View the world through the eyes of Hudson. His objective of this blog is to educate the public by trying to teach them not to buy a dog through a puppy mill. Don't buy a dog before you see where his parents live and how they are treated. Better yet ADOPT through a rescue or shelter and know you've done a good deed by saving a dog's life !!!
ST. LOUIS • Mayor Francis Slay’s support of Missouri’s “Right to Farm” constitutional amendment, which was narrowly approved by voters on Tuesday, has drawn the ire of some animal rights activists.
Slay, who has long been a favorite of dog and cat lovers in the city, recorded a last-minute robocall that was dialed to voters in St. Louis city and county on election day. Slay said on the call that he supported the amendment to “keep food costs affordable for all Missourians.”
Statewide voters approved it by a razor-thin 2,500 votes, although 73 percent of St. Louis city voters cast their ballots against it.
The Missouri Alliance for Animal Legislation, a group that believes the amendment could relax regulations on puppy mills, criticized Slay saying: “What had to be the most disappointing development in this campaign was the last-minute efforts by Mayor Francis Slay of St. Louis to help pass this amendment.”
Until Tuesday, Slay’s support of the issue was not well known.
The amendment was promoted as an instrument to “protect the hardworking Missouri farm families who dedicate their lives to feeding our families; saving thousands of Missouri jobs and ensuring our families continue to have access to quality food at the grocery store.” Opponents said it was designed to shield the state’s agricultural industry from unwanted regulations, animal rights initiatives, and opponents of genetically modified crops.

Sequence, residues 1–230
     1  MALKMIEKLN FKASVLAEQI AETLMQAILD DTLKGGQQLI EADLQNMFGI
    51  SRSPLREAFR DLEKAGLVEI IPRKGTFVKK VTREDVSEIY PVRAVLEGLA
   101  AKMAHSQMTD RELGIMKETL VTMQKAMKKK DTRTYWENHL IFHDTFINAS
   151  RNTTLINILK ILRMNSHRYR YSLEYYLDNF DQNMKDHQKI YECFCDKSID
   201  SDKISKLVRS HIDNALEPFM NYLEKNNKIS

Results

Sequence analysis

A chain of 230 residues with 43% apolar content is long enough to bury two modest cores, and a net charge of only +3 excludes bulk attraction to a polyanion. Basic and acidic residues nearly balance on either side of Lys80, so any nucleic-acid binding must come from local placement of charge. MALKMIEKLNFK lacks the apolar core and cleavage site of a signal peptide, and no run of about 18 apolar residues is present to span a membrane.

The Humane Society of the United States opposed the measure, saying it was “pushed by special interests who didn’t like it when Missouri voters decided to crack down on abusive puppy mills. The puppy mills want immunity under the terms of the ‘Right to Farm’ measure.”
Slay’s support of the constitutional amendment could put him at odds with the city’s animal rights supporters — a coalition that has long supported him.
Jeff Rainford, Slay’s chief of staff, said the mayor supported it because it is “innocuous and that it is not going to do all of the things (opponents) claim it is going to do.”
“(Slay) has been trying to build bridges between rural Missouri and St. Louis,” Rainford said. “They have supported him and the city’s agenda in Jefferson City.”
Slay has courted rural politicians for support on big city initiatives, notably the successful effort to take state control of the St. Louis police department and return it to the city. Rainford said state Sen. Mike Parson, R-Bolivar, lobbied for Slay’s support.
Rainford noted that St. Louis has been a statewide leader in animal welfare.
“Mayor Slay has been pushing hard to be a no-kill city, so it’s a little irritating to be lectured about animal rights,” he said.